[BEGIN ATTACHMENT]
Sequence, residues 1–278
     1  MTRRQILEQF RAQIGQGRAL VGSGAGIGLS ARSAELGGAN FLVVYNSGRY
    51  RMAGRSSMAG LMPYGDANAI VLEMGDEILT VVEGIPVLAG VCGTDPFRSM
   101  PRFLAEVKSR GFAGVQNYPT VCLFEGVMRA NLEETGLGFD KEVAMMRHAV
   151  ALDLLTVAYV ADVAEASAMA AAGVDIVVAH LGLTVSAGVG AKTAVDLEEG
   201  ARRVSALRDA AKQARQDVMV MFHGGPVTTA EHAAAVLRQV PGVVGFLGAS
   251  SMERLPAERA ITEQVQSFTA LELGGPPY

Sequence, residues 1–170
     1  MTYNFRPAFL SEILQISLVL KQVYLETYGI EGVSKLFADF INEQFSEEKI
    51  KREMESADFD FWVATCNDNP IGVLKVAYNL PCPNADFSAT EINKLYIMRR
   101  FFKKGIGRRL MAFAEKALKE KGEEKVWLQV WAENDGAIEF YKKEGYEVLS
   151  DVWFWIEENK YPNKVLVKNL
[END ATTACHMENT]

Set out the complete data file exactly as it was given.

Sequence, residues 1–278
     1  MTRRQILEQF RAQIGQGRAL VGSGAGIGLS ARSAELGGAN FLVVYNSGRY
    51  RMAGRSSMAG LMPYGDANAI VLEMGDEILT VVEGIPVLAG VCGTDPFRSM
   101  PRFLAEVKSR GFAGVQNYPT VCLFEGVMRA NLEETGLGFD KEVAMMRHAV
   151  ALDLLTVAYV ADVAEASAMA AAGVDIVVAH LGLTVSAGVG AKTAVDLEEG
   201  ARRVSALRDA AKQARQDVMV MFHGGPVTTA EHAAAVLRQV PGVVGFLGAS
   251  SMERLPAERA ITEQVQSFTA LELGGPPY

Sequence, residues 1–170
     1  MTYNFRPAFL SEILQISLVL KQVYLETYGI EGVSKLFADF INEQFSEEKI
    51  KREMESADFD FWVATCNDNP IGVLKVAYNL PCPNADFSAT EINKLYIMRR
   101  FFKKGIGRRL MAFAEKALKE KGEEKVWLQV WAENDGAIEF YKKEGYEVLS
   151  DVWFWIEENK YPNKVLVKNL